What has science to do with theology?
Most people – including many Christians – would say that they are entirely unrelated. It is claimed that science deals with the world of reality and hard facts, but that theology belongs in a different box entirely, to be filed along with poetry and other humanities. It is of course true that science and theology deal with different subject matter and utilise different methods. Yet to say that science and faith are entirely unrelated is to claim too much.
One of the traditional ‘proofs’ of God’s existence was that natural world pointed very clearly to the existence of an all-powerful and all-wise Creator. This of course goes against the grain of much thinking today, when it is often believed that science has proven matters to be otherwise. The universe and all life on earth are instead widely held to be solely the product of blind and purposeless processes. Science and religion are considered to be – wrongly as I hope to show – in fundamental conflict and have been for hundreds of years.
This is a live issue for many people today. Religious faith is seen by some as a harmless illusion, and by an outspoken few as a dangerous delusion. But in either case faith seems to bear no relation to what is real, since science is thought to have been the victor in a science-religion war. This view spills over beyond science to the media and to the ideas that many people have about morality. So a journalist who knows next to nothing about science can merrily write that morality is what you make it, since human beings are merely ‘dancing to the music of their DNA.’ Such thinking cheers on sceptics in their scepticism, and causes Christians to fret that their faith might not be well grounded.
There are of course many individual scientists who are Christians or who at any rate believe in God, but these are not the ones we usually hear about. Instead, those who front the fabulously-filmed TV documentaries on astronomy or wildlife are usually atheists, often parading their unbelief in a way that would be unacceptable for believing scientists to do with their religious belief. In this climate, to call into question even the wildest atheist speculations about the origin of the universe or the origin of life is to risk being written off as 'attacking science' or 'trying to smuggle religion into science.'
Central to this discussion is the concept of design in the natural world. All are agreed that there is an appearance of design, although it is usually claimed that this is only an appearance rather than a reality pointing to a Designer. But as we shall see below there are good reasons to think that a design framework is not the 'science-stopper' often claimed (saying 'God made it' allegedly prevents you from being curious about nature). In fact, a design framework has much to commend it in moving the scientific project forward, quite apart from its value in suggesting persuasively that the natural world points beyond itself to a Mind behind matter, a Creator of all things.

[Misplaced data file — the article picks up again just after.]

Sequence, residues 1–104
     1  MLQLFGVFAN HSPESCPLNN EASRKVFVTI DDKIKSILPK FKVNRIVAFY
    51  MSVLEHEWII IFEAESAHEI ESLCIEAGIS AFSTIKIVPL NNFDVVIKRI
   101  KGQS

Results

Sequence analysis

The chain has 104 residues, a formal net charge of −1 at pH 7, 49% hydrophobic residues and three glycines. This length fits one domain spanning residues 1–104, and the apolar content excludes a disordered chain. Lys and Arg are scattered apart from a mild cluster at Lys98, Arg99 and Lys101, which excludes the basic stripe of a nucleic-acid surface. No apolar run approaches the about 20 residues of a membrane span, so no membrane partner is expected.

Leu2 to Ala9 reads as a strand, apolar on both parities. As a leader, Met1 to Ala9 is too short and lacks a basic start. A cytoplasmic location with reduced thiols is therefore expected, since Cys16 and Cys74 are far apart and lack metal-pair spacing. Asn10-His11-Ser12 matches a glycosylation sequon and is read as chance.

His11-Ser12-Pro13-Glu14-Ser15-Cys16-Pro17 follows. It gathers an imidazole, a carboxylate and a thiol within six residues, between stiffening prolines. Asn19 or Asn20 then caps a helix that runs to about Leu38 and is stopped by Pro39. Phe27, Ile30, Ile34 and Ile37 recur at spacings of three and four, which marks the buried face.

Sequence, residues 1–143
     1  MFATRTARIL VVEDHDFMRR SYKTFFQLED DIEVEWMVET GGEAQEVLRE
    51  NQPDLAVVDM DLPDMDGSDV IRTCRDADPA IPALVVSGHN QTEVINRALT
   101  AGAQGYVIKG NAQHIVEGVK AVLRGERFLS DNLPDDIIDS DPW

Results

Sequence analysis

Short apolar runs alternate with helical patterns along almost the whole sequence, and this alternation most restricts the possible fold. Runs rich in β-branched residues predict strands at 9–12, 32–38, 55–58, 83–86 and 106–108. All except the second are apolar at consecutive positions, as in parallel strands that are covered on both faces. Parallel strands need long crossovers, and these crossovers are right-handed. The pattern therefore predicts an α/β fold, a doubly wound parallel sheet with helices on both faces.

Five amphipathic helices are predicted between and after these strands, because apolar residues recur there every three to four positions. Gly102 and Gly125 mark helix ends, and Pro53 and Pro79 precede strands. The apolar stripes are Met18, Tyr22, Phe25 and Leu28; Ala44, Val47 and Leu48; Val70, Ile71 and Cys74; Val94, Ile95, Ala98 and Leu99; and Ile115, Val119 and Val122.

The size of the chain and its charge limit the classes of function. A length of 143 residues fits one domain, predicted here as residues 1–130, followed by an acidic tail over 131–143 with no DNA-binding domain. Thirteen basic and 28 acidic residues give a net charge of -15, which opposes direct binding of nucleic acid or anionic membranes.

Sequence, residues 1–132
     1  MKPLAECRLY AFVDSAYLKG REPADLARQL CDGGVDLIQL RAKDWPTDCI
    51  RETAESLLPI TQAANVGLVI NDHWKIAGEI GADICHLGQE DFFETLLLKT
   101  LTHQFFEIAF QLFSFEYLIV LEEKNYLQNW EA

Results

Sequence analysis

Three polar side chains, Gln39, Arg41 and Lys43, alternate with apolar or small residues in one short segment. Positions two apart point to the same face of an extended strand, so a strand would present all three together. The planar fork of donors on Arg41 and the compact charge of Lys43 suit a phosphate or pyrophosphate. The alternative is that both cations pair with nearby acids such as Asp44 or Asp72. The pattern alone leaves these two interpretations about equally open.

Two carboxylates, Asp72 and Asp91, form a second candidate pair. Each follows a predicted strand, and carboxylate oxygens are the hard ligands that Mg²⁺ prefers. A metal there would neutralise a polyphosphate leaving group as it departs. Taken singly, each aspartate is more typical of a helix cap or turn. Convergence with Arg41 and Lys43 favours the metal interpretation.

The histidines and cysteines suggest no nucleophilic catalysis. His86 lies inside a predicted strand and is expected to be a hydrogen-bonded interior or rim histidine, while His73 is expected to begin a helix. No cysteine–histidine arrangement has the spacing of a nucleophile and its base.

In the rest of this article, we will look in turn at three areas where science and religion have often been held to be in conflict: the scope of science, the history of science and finally some findings of science, particularly from the stars (cosmology) and the cell (biology). In each case, it is hoped that sceptical readers and believing readers will each be given food for thought – challenging or encouraging as the case may be.
It may be a surprise to learn that there is no single agreed definition of what science is among philosophers of science. Long ago Augustine said that everybody knows what time is until they try to define it, and it's a similar situation with science. Certain elements do certainly crop up: hypotheses, experiment, data, evidence, modification of hypotheses and so on. But a hard definition is surprisingly difficult. We should remember this when someone says this or that activity is 'simply not science.'
Michael Ruse, a philosopher of biology, has tried this definition: 'Science by definition deals only with the natural, the repeatable, that which is governed by law.'1 Now that sounds plausible enough, until we notice that his definition rules out cosmology and the origin and history of life. You cannot repeat those events, and mainstream cosmology cheerfully admits that the laws of physics do not apply in the first moments after the Big Bang. So Ruse’s definition rather loses its shine.
Science derives much of its impressive cultural authority in our society from the galaxy of new technology and gadgets that we all enjoy. We can travel to the other side of the world in a metal tube with wings, confident that we will reach our destination safely. We can send and receive messages and pictures in our personal communicators way beyond what was mere fantasy in Star Trek just a generation ago. And we also benefit from the development of new drugs and other medical treatment and so on. Now if we were only dealing with these branches of science, then we might be happy to go along with the late Stephen Jay Gould’s famous model of the relations between science and religion of “Non-Overlapping Magisteria” (NOMA). It even sounds quite respectful, by recognising religion as a valid field of study albeit totally segregated from science. In the words of the old hymn Jesus bids us shine: 'you in your small corner, and I in mine.'